'Strawberry Moon’: The penumbral lunar eclipse
This is the second lunar eclipse of 2020. The first eclipse of the year was on January 10, which was also a penumbral lunar eclipse
June 5 and 6 nights will be adorned by a "Strawberry Moon" - penumbral lunar eclipse, a noteworthy celestial event.
People from Asia, Europe, Africa and Australia will be able to witness the penumbral lunar eclipse on two nights. North American viewers will be out of luck - as it won't be visible from that part of the world. reports the astronomical news site Space.com.
This is the second lunar eclipse of 2020. The first eclipse was on January 10, which was also a penumbral lunar eclipse.
The name comes from Algonquin tribes of Native Americans. This full moon was their sign to harvest wild strawberries, according to The Old Farmer's Almanac.
In Europe, it is called the Honey Moon or Mead Moon. The tradition of calling the first month of marriage the honeymoon may be tied to this full moon, either because of the custom of marrying in June or because the Honey Moon is considered the "sweetest" moon of the year, NASA said.
The time around the end of June was when honey was ripe and ready to be harvested from hives or from the wild, some writings have suggested, according to NASA. The word "honeymoon" traces back to at least the 1500s in Europe.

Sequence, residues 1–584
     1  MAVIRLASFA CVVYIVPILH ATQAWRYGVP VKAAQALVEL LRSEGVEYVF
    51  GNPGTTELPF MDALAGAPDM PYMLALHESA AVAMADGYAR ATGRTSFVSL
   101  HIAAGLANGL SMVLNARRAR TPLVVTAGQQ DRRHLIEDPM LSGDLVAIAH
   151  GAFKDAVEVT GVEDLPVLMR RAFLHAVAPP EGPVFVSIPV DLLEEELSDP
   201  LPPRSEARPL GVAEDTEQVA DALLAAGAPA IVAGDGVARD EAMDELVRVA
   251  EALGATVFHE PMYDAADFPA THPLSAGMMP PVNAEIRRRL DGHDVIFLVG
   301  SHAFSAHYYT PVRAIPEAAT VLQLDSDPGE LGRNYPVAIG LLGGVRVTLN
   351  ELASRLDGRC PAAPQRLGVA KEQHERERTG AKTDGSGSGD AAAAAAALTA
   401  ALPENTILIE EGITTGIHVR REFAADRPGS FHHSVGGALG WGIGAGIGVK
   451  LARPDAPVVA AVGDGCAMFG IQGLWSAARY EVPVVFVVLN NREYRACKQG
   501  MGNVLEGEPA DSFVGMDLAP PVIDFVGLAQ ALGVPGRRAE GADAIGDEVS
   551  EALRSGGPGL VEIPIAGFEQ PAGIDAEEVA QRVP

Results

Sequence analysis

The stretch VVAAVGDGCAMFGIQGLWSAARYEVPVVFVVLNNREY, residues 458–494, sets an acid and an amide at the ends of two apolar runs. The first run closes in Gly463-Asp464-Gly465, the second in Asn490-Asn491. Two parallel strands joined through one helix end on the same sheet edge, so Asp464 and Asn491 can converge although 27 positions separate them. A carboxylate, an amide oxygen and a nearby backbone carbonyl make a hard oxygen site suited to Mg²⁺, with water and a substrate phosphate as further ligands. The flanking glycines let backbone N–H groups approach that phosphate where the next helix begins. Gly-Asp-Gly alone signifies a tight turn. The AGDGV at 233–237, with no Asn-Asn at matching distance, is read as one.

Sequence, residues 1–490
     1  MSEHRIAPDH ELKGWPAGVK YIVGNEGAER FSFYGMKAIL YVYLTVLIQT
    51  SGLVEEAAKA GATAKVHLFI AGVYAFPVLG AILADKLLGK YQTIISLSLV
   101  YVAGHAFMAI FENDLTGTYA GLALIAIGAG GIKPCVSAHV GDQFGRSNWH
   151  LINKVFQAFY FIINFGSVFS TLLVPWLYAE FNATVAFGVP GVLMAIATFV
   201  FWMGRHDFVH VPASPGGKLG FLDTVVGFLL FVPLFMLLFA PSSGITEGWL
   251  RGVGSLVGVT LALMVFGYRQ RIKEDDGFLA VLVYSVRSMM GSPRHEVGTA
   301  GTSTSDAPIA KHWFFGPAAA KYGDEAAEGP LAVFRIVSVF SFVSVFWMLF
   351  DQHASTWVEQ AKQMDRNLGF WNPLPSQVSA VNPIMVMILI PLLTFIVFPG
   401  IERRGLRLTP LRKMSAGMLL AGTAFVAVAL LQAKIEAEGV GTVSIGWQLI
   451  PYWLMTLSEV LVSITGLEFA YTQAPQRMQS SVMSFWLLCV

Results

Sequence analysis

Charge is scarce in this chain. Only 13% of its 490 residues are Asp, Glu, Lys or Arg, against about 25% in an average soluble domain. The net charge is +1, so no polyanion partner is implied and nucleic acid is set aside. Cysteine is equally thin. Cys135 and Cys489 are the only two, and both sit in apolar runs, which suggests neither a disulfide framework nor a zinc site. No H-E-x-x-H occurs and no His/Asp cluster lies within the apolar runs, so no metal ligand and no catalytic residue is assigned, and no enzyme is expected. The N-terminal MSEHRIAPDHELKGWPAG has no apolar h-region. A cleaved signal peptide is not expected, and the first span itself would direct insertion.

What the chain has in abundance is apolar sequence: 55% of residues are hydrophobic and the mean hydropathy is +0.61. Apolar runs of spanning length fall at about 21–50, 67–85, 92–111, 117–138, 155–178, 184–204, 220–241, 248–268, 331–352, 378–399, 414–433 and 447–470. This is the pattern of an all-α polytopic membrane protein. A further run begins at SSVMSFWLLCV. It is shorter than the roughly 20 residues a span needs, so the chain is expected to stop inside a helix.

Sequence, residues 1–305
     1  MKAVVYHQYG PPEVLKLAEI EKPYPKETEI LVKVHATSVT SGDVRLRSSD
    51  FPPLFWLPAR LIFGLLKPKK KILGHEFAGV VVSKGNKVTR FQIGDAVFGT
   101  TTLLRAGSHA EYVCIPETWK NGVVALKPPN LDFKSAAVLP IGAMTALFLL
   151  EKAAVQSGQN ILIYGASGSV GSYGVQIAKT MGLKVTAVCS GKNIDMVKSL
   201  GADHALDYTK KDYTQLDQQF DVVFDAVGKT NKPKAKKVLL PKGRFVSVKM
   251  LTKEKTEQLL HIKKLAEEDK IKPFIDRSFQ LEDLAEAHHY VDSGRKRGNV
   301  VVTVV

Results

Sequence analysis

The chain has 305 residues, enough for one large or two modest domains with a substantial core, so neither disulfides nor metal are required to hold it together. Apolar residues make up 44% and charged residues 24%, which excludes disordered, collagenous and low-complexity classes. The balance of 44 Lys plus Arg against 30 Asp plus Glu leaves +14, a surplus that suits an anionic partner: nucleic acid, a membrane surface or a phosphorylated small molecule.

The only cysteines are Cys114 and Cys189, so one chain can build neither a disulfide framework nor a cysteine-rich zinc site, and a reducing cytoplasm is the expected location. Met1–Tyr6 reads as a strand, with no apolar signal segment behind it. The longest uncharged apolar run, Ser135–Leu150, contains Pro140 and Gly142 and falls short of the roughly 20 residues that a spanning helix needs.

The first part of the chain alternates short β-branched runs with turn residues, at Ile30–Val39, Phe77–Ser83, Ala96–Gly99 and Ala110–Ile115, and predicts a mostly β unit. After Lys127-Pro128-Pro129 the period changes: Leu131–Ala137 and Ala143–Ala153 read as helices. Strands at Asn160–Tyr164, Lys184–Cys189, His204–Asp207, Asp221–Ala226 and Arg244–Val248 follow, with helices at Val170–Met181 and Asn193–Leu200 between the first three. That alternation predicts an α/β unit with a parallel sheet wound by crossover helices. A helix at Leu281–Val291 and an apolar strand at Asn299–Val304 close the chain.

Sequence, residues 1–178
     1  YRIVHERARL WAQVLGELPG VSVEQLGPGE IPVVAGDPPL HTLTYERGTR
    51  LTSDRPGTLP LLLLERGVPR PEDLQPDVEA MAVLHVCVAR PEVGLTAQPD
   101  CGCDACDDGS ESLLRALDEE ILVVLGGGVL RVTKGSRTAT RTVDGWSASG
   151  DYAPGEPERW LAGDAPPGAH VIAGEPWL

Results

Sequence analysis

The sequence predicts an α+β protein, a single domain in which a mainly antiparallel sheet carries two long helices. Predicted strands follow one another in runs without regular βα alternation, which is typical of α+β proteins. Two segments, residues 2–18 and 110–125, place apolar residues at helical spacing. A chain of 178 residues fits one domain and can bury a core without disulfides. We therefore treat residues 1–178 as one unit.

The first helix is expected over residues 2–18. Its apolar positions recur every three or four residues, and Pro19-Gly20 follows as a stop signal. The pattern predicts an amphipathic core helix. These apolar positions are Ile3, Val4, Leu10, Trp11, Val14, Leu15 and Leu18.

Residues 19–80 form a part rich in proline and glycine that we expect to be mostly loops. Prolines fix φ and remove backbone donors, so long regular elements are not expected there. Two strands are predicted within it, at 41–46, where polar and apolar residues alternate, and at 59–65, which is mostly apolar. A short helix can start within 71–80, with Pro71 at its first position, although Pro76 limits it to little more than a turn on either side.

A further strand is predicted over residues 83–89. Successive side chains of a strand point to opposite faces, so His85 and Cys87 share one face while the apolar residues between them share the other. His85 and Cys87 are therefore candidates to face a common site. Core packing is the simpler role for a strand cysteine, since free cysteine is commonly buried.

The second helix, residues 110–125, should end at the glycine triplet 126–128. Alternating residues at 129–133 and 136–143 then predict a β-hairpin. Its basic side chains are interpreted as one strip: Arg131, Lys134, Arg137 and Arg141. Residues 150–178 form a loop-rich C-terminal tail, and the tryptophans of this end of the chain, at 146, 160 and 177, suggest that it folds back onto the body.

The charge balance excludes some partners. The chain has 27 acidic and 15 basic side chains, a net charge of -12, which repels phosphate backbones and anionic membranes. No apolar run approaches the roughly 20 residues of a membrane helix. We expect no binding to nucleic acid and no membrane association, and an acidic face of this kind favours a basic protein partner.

This eclipse will be what astronomers dub a "penumbral eclipse," which occurs when the outer ring of Earth's shadow just grazes the moon. During a partial eclipse, the moon falls somewhat into Earth's inner shadow; during a total lunar eclipse it falls entirely into that inner shadow.
But it will take a keen eye indeed to notice the penumbral darkening, which will just tint the lower edge of the moon at the midpoint of the eclipse.
The eclipse will also be geographically limited, visible only over central and east Africa, Eastern Europe, western and central Asia, and parts of Indonesia and Australia.
Best time to see the eclipse
The peak of the full moon happens depending on one's time zone. At Bangladesh time 1:12 am on Saturday the moon will be at its full phase.
Peak time doesn't have to be the only viewing time. The moon will appear full for about three days around this time, from early Thursday morning into early Sunday morning, said NASA.
Should one miss the display, the summer promises another penumbral lunar eclipse on July 5, although that eclipse will be even fainter than this one. That one will be visible from North and South America, as well parts of Europe and most of Africa.
The June and July lunar eclipses are the second and third in a series of four penumbral lunar eclipses in 2020 that began on January 10. The fourth one will occur on November 30.
June will also bring skywatchers a second eclipse, this time an eclipse of the sun.
On June 21, the moon will pass in front of the sun as seen from Earth but won't completely cover the star, leaving a so-called "ring of fire" around its outer edge.
The annular eclipse, as its known, will be the first solar eclipse of 2020.